Tracie Bell[edit]

In September 2010, Officer Tracie Bell was sentenced to sixteen years in prison for stealing over $100,000 from American Red Cross funds earmarked for survivors of hurricanes Katrina and Rita. Bell and another officer contracted with the charity to run a basketball camp for young people displaced by the storms. They inflated the number of persons they claimed attended in order to gain additional funds.[51]

Ruben Trejo[edit]

In April 2011, Sergeant Ruben Trejo crashed his private vehicle into a school bus while driving to work. Tests showed he had twice the legal limit of alcohol in his blood. Trejo was fired from the department.[52][53]

Rape kits[edit]

In August 2011, press reports stated that the department held more than 7,000 used rape kits that had never been tested. Some of these kits dated back 20 years.[54]

Abraham Joseph[edit]

In October 2012, Officer Abraham Joseph was sentenced to life in prison for raping a handcuffed woman in the back of his police car. During the sentencing phase of the trial, two other women came forward claiming that Joseph had also raped them.[55]

Death of Brian Claunch[edit]

In June 2013, a grand jury refused to indict Officer Matthew Marin after he shot and killed Brian C. Claunch on September 22, 2012. Claunch, who was mentally ill and confined to a wheelchair, threatened a police officer with a ballpoint pen. Marin then shot him, resulting in his death.[56]

Darrin DeWayne Thomas[edit]

In August 2013, Officer Darrin DeWayne Thomas pleaded guilty to theft of $700. Thomas was caught in an October 2010 sting operation where he thought he had been left with the money unobserved. He was sentenced to two years of probation and agreed to surrender his Texas peace officer's license. He was expected to have no criminal record upon completing his probation.[57]

Adan Jimenez Carranza[edit]

In October 2013, Officer Adan Jimenez Carranza pleaded guilty to "attempted sexual assault" for raping a woman in the back of his patrol car after investigating a minor traffic accident. He was sentenced to ten years in prison and twenty years on the state's sex offender registry. Carranza was expected to be eligible for parole after six months in prison.[58][needs update]

Gerald Goines[edit]

In late February 2020, the Harris County District Attorney asked local courts to appoint lawyers to represent 69 people who had been convicted based on the testimony of Officer Gerald Goines. Goines was accused of creating a fictitious informant and making other false statements to obtain a search warrant that resulted in two deaths in a raid on a home in January 2019.[59] Goines' misconduct threw into doubt a number of convictions based on his testimony.[60]

Major officer awards[edit]

  • Chief of Police Commendation: may be presented to any department employee who demonstrated a high degree of professional excellence or initiative through the success of initiating, developing, or implementing difficult projects, programs, or investigations. The performance shall not have involved personal hazard to the individual.
  • Medal of Valor: may be presented to officers who judiciously performed voluntary acts of conspicuous gallantry and extraordinary heroism above and beyond the call of duty, knowing that taking such action presented a clear threat to their lives.
  • Lifesaving Award: may be presented to any classified or civilian employee when a person would more than likely have died or suffered permanent brain damage if not for the employee's actions. The act must clearly indicate the employee did at least one of the following: (a) rendered exceptional first aid or (b) made a successful rescue (e.g. from a burning building or vehicle, or from drowning).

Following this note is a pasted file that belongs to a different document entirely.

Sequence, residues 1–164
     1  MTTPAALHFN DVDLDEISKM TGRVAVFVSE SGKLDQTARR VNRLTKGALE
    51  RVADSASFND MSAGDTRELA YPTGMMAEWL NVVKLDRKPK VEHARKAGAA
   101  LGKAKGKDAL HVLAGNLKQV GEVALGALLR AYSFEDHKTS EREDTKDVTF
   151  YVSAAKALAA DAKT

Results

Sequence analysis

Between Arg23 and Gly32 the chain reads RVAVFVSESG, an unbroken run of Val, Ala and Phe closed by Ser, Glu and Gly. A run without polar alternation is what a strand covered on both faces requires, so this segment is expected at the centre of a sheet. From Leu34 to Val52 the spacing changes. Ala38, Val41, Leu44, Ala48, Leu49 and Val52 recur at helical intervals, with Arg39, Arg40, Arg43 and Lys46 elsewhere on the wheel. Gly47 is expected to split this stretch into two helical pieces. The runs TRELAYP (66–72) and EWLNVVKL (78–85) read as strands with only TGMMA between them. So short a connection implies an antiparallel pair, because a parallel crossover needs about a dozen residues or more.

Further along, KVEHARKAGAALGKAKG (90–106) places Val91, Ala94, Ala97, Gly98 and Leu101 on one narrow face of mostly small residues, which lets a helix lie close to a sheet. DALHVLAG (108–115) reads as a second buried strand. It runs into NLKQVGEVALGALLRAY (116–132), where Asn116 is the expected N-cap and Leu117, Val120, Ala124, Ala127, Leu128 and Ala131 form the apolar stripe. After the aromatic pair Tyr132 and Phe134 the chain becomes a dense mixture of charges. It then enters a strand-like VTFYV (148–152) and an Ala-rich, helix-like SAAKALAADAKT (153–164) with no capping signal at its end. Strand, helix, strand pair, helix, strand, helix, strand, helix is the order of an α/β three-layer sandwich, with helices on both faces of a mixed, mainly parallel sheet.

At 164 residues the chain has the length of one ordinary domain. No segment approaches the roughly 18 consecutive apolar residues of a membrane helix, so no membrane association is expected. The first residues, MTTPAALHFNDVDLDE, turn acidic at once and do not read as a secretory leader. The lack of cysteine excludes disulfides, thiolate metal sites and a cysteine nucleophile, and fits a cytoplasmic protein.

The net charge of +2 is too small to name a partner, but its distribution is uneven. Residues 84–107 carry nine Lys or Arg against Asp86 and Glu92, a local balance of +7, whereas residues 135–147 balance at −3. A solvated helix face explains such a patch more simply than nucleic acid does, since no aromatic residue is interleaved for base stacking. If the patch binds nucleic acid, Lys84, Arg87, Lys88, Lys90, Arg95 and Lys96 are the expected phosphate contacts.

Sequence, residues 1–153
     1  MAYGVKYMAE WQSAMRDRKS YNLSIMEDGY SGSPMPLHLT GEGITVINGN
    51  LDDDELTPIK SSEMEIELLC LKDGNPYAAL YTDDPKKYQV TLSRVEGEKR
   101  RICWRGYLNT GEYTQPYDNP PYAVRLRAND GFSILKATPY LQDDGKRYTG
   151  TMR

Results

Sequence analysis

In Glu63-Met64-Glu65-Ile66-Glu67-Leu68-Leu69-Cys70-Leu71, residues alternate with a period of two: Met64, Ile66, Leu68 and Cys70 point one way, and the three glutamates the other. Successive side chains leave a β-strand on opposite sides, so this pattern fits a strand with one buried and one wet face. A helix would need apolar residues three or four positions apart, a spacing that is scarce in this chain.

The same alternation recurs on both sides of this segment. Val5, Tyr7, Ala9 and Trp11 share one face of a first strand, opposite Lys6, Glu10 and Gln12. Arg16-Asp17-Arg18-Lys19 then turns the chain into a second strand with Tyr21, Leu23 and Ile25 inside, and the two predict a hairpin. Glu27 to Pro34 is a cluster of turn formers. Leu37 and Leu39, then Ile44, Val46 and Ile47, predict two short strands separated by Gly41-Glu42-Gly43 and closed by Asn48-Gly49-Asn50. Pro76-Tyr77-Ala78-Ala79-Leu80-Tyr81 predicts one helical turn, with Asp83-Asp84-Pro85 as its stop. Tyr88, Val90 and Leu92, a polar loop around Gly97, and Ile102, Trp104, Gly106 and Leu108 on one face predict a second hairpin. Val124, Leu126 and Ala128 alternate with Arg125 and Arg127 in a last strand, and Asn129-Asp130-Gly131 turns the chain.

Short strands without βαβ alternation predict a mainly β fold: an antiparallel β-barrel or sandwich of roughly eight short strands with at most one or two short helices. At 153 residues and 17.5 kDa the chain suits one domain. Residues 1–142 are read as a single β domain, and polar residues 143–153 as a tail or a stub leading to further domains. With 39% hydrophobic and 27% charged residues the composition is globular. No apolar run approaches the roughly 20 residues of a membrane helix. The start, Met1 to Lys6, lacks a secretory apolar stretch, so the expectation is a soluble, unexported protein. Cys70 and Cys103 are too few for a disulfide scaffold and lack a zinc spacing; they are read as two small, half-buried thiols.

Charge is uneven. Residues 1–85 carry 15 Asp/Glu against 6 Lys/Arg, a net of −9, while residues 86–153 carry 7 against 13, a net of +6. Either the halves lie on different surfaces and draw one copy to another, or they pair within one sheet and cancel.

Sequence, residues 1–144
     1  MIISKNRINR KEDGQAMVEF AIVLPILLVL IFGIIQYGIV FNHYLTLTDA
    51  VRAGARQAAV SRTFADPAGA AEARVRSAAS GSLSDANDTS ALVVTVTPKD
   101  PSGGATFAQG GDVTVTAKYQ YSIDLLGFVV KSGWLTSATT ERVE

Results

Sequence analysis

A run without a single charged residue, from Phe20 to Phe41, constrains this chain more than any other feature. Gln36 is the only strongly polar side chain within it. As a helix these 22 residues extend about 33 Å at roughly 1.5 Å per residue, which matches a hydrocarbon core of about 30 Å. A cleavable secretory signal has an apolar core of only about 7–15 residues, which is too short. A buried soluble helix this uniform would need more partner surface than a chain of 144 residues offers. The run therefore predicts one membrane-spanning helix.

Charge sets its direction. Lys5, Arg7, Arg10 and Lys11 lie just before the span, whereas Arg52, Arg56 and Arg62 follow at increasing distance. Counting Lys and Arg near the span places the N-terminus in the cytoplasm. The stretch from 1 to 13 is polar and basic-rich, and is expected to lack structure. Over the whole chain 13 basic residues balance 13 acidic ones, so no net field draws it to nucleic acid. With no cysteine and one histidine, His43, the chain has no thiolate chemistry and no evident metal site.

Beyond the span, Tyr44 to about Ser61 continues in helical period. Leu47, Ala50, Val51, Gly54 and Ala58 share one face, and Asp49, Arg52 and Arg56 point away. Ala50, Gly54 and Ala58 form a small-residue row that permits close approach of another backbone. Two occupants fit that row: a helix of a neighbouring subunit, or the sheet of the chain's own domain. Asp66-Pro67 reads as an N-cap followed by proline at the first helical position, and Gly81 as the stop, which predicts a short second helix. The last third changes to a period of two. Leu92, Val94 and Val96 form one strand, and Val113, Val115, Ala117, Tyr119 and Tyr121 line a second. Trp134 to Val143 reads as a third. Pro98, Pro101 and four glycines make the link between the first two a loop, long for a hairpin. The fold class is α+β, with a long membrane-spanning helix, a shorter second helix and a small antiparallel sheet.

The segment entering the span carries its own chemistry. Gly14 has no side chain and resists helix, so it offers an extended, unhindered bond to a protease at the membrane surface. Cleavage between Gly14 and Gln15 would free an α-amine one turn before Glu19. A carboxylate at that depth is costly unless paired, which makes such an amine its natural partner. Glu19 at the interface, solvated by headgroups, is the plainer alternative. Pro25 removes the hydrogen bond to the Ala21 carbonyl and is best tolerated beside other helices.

• Blue Heart Award: may be presented to officers who received life-threatening injuries while acting judiciously and in the line of duty. Officers may be eligible to receive the Blue Heart Award in conjunction with another award such as the Meritorious Service Award or the Lifesaving Award. Injuries due to negligence or minor injuries not requiring hospitalization are not eligible.
  • Meritorious Service Award: may be presented to officers who have distinguished themselves by one of the following: (a) conduct during a criminal investigation or law enforcement action while demonstrating a high level of courage or (b) actions resulting in the apprehension of a felon under dangerous or unusual circumstances.
  • Award of Excellence: may be presented to classified or civilian employees who have distinguished themselves on or off duty by outstanding service to HPD or the community. Employees must have demonstrated a high degree of dedication and professionalism in an endeavor that does not meet any other award criteria.
  • Hostile Engagement Award: may be presented to officers who acted judiciously in the line of duty and performed acts upholding the high standards of the law enforcement profession while engaging in hostile confrontations with suspects wielding deadly weapons. Individuals who sustained non-life-threatening or minor injuries resulting from an assault by a deadly weapon are also eligible.
  • Humanitarian Service Award: may be presented to any individual (employee or not) who demonstrated a voluntary act of donating time, physical effort, financial support, or special talent promoting the safety, health, education, or welfare of citizens. The individual is not eligible if there was any personal gain, financial compensation, special services, or privileges in exchange for the act.
  • Public Service Award: may be presented to any individual outside the department who voluntarily acted in circumstances requiring unusual courage or heroism while assisting a police officer or other citizen. Those who do not meet the above criteria, but provided a measure of assistance, shall be sent a letter and a Certificate of Appreciation (no citation page) signed by the Chief of Police.
  • Chief of Police Unit Citation: may be presented to two or more employees who performed an act or a series of acts over a period of time that demonstrated exceptional bravery or outstanding service to the department or the community. Their combined efforts as a functioning team must have resulted in the attainment of a departmental goal(s) and increased the department's effectiveness and efficiency.

See also[edit]


  1. ^ a b Sullivan, Carl; Baranauckas, Carla (June 26, 2020). "Here's how much money goes to police departments in largest cities across the U.S." USA Today. Archived from the original on July 14, 2020.
  2. ^ "1920-1929". Retrieved February 4, 2022.
  3. ^ Duncan, Robert J. (13 June 2013). "Duty, Margie Annette Hawkins". Handbook of Texas Online. Texas State Historical Association. Retrieved 9 November 2017.
  4. ^ Watson, Dwight (2005). Race and the Houston Police Department, 1930-1990: A Change Did Come. Texas A&M University Press. ISBN 978-1-60344-619-8.
  5. ^ a b Watson, Dwight (2018-06-01). "How Houston's civic leaders responded to the lynching of Robert Powell in 1928". Houston Chronicle. Retrieved 2021-04-06.
  6. ^ Barrouquere, Brett (2017-05-17). "50 years later, what does the TSU 'riot' mean for Houston?". Chron. Retrieved 2021-04-06.